• “I keep a good neurotic’s calendar…”
  • “I have almost no time to do any elective thinking.”
  • “[I]t didn’t begin with a quest for knowledge at all but with a quest, as Zen would put it, for no-knowledge.”
  • ”“Enough. Act… when and where you want to, since you feel you must, but do it with all your might.”
  • “Christ lived on cheeseburgers and Cokes.”
  • “I like to ride in trains too much. You never get to sit next to the window any more when you’re married.”
  • “You just call in some analyst who’s experienced in adjusting people to the joys of television, and Life magazine every Wednesday, and European travel…”
  • “For a psychoanalyst to be any good with Franny at all, he’d have to be a pretty peculiar type. I don’t know. He’d have to believe that it was through the grace of God that he’d been inspired to study psychoanalysis in the first place. He’d have to believe that it was through the grace of God that he wasn’t run over by a goddam truck before he ever even got his license to practice. He’d have to believe that it’s through the grace of God that he has the native intelligence to be able to help his goddam patients at all.”
  • “The idea being that if you call out the name long enough and regularly enough and literally from the heart, sooner or later you’ll get an answer. Not exactly an answer. A response.”
  • “He’s so stupid it breaks your heart... He thinks everything sentimental is tender, everything brutal is a slice of realism, and everything that runs into physical violence is a legitimate climax…”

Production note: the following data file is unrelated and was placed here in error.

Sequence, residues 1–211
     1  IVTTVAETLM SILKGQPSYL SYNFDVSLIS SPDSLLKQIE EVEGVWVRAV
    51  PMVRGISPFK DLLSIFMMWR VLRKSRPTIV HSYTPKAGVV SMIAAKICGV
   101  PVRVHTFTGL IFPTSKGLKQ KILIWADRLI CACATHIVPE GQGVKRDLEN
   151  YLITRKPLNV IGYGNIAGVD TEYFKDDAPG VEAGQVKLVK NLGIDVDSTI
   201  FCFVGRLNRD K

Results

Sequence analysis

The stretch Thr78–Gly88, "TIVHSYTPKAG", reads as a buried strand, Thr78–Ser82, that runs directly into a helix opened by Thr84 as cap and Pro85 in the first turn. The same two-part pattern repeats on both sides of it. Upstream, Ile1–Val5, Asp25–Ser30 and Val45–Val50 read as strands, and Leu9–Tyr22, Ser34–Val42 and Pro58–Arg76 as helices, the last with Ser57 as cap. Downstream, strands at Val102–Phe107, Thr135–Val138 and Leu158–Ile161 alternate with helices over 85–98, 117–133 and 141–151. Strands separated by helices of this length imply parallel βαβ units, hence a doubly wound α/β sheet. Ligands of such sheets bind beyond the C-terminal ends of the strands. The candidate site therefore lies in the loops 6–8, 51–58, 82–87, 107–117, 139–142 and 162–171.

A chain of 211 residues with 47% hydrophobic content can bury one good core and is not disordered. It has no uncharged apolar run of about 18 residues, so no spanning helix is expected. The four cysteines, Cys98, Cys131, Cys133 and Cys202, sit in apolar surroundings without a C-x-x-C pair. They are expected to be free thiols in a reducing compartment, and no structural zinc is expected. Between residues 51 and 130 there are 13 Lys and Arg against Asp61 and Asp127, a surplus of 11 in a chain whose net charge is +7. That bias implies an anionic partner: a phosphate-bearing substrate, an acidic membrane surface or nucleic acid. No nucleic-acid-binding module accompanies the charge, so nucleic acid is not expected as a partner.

• “As a matter of simple logic, there’s no difference at all, that I can see, between the man who’s greedy for material treasure—or even intellectual treasure—and the man who’s greedy for spiritual treasure.”
  • “Just because I’m choosy about what I want—in this case, enlightenment, or peace, instead of money or prestige or fame or any of those things—doesn’t mean I’m not as egotistical and self-seeking as everybody else. If anything, I’m more so!”
  • “He had a theory… that the religious life, and all the agony that goes with it, is just something God sicks on people who have the gall to accuse Him of having created an ugly world.”
  • “But what I don’t like—and what I don’t think either Seymour or Buddy would like, either, as a matter of fact—is the way you talk about all these people. I mean you don’t just despise what they represent—you despise them.”
  • “I mean if you’re able to go into a collapse with all your might, why can’t you use the same energy to stay well and busy?”